Yeah, so the adjusted EBITDA does exclude the $10 million to $12 million of special charges that I talked about. What’s driving the number down versus where we finished 2012 is our investments in the U.S sales management including investments in our sales and training efforts both for our sales reps and for physicians impacts that going direct in certain territories in the U.S and going direct in Canada impact that the investments we’re making there those are not special charges, investments we’re making in Japan that to make sure we’re prepared for the production expansions there will impact that rate.

And then, the other thing that kind of kicks in I guess two other things it’s a beginning of the year you kick back into bonuses, FICA taxes all your benefits that give you an expense uplift and then finally as we looked forward to the integration of OrthoHelix and making sure that we’ve got the business platform to ensure we’re prepared to sustain long-term growth. We’re making some investments in our IT infrastructure as well.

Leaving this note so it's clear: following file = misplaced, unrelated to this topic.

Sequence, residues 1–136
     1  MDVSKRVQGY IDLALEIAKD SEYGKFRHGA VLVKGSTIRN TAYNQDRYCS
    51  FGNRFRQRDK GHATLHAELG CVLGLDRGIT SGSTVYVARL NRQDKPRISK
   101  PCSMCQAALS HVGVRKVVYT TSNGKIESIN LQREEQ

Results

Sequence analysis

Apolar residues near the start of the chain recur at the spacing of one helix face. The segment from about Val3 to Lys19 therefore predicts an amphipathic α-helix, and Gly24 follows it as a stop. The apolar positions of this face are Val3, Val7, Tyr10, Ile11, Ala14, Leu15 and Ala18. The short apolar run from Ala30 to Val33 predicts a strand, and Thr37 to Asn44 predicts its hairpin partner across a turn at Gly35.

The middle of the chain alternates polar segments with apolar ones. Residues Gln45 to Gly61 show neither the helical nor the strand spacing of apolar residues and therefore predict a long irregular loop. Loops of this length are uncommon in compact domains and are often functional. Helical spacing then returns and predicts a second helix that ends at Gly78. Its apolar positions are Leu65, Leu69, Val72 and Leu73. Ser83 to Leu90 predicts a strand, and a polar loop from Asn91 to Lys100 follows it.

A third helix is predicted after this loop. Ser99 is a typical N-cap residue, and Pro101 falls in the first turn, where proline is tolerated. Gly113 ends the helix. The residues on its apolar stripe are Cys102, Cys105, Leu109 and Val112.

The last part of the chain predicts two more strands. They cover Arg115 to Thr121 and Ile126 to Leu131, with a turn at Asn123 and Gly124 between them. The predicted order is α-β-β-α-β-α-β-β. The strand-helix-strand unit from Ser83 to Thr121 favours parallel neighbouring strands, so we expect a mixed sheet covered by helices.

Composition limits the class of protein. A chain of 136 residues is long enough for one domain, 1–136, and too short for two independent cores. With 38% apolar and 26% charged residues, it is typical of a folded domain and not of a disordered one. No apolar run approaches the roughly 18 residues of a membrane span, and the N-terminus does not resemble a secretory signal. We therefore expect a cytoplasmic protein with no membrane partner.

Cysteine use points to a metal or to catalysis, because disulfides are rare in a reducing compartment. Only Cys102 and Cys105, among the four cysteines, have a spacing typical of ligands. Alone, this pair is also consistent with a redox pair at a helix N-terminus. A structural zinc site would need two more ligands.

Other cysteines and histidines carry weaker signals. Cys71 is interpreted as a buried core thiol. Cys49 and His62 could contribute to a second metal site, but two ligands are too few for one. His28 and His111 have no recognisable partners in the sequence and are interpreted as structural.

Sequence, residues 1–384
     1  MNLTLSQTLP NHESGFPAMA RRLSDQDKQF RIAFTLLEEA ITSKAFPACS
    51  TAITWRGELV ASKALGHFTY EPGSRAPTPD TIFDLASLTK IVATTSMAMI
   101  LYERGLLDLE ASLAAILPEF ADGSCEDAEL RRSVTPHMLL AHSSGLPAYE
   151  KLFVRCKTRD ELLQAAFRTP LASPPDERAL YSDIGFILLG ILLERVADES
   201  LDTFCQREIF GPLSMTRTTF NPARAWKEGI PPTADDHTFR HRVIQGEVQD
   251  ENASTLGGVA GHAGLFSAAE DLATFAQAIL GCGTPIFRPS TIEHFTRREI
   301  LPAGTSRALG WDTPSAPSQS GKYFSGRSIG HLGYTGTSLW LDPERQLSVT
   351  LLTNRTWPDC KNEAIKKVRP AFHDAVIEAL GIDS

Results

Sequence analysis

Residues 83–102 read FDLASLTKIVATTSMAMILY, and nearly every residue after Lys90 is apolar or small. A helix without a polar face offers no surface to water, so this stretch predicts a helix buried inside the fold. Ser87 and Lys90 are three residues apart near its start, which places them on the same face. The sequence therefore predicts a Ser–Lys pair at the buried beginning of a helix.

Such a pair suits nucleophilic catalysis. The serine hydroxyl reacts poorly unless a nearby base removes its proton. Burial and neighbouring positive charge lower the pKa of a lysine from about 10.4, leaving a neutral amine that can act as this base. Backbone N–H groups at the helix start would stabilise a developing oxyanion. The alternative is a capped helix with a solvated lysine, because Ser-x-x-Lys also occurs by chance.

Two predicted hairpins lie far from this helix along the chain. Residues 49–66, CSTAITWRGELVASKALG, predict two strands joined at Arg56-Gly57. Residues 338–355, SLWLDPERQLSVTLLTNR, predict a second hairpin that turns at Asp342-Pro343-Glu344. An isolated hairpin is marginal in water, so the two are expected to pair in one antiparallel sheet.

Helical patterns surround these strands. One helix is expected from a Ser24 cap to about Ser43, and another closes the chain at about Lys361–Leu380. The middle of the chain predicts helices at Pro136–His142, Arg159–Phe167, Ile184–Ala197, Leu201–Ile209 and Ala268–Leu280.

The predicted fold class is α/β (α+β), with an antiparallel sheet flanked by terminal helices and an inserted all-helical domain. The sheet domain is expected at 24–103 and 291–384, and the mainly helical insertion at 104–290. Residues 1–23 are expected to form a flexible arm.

Larry Biegelsen - Wells Fargo

That’s helpful. Lastly, from me earlier this week Medtronic I know it’s good people at a little bit and their comments on Europe. Now what are you guys assuming for 2013 for Europe if, there is any color you cam give them here that started off and related to that on large joint if I’m doing the math right it’s the guidance was negative five to negative one, is that kind of, is that the right math and is that a factor because of the Europe, the weakness in Europe? Thanks

Shawn McCormick

Yeah, I would say generally for a year of what we are assuming is a level of stability in 2013 we are not in anyway expecting a rebound or a invigoration of the market into the macroenvironment. So that places into it, we do think even with that as we’ve launched some new products in the back half. We’re going to be in a good position to accelerate the growth rate and actually do betters in the market overall and in large joints.

The other thing that is impacting you know right now is we are seeing some downward pressure in the European market overall for 2013 and in the first quarter we are kind of assuming about you know somewhere in the range of a 1% maybe a little more than a 1% price decline. I might say you know 1% to 2%.